Investors participated in a record 273 mega-rounds last year, according to the data provider Crunchbase. This year is on pace to easily eclipse that, with 268 completed in the first seven months of the year. In July, start-ups reached more than 50 financing deals worth a combined $15 billion, a new monthly high.
In the last 10 days, Letgo, an online classifieds ads company, raised $500 million. Actifio, a data storage company, took in $100 million. MyDreamPlus, a co-working space start-up, secured $120 million. And Klook, a travel activity booking site, got $200 million.
These mega-rounds have become so common that CB Insights, which tracks start-up investments, has even debated lifting its definition of a mega-round to $200 million or more, according to Anand Sanwal, the firm’s chief executive.
Many of the new investors, including SoftBank’s $93 billion Vision Fund, manage funds so large they dwarf the entire traditional venture capital market in the United States. These giant funds are looking for start-ups that can take large sums of money with one shot. Writing lots of small checks is too time-consuming, and the returns from small bets will not make a difference for a such a big fund. So investors are competing to back any start-up that shows promise and the ability to put $100 million or more to use.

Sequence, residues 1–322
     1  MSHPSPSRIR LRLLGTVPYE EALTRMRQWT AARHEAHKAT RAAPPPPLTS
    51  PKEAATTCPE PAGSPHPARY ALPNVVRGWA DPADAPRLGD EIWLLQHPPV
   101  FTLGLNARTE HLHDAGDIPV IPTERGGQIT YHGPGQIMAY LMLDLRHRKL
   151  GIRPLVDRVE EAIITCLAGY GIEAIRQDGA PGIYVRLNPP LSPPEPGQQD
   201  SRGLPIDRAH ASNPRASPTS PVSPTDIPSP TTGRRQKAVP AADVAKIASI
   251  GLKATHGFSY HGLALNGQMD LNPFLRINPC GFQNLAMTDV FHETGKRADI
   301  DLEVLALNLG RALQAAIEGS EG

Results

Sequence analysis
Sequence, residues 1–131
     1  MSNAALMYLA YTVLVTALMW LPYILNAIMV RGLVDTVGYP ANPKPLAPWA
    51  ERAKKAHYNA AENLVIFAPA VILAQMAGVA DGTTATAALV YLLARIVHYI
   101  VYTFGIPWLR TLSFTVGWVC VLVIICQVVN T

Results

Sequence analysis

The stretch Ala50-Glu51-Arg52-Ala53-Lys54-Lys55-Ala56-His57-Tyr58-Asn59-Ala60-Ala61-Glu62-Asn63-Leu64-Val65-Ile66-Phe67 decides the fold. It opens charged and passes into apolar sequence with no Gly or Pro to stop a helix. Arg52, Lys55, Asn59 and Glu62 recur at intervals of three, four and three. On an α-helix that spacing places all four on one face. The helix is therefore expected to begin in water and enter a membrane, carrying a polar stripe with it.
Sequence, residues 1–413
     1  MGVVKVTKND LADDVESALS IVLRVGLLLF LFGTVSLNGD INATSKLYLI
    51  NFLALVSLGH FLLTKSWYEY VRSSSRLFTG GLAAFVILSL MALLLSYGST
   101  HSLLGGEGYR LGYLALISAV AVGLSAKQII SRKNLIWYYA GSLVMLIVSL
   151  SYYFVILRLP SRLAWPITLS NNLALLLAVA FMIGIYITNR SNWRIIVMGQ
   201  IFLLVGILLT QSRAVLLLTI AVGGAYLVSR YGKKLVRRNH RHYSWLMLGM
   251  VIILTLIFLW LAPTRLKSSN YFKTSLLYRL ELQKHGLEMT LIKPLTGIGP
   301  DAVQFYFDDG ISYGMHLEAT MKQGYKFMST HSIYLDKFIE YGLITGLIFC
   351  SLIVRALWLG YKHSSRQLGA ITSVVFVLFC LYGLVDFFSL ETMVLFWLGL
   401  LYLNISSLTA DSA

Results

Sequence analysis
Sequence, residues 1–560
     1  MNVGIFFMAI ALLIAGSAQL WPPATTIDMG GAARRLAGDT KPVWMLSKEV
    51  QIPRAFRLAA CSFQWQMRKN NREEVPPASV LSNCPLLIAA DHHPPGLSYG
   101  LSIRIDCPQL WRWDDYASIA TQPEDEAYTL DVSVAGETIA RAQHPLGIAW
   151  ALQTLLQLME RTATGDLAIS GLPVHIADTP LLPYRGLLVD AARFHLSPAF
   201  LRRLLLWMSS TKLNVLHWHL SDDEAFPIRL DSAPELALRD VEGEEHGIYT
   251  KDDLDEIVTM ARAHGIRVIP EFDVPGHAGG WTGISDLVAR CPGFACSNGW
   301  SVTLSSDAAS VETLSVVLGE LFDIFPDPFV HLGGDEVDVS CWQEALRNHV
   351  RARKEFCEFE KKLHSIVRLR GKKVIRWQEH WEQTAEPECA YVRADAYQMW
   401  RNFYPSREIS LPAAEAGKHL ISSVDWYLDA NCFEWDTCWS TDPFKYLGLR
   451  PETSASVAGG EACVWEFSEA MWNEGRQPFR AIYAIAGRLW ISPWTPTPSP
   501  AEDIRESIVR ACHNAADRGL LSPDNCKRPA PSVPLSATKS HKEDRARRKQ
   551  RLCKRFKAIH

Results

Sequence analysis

“As soon as they feel like they have a winner, they will really put a lot of resources behind it,” said Mr. Sanwal of CB Insights.
SoftBank’s deal-making has affected every part of the venture capital market. The arrival of its Vision Fund, which has a minimum investment size of $100 million, has prompted a number of traditional venture capital firms, including Sequoia Capital, to build larger pools of money to compete. Funds from seven different firms are raising capital, according to the data provider Pitchbook.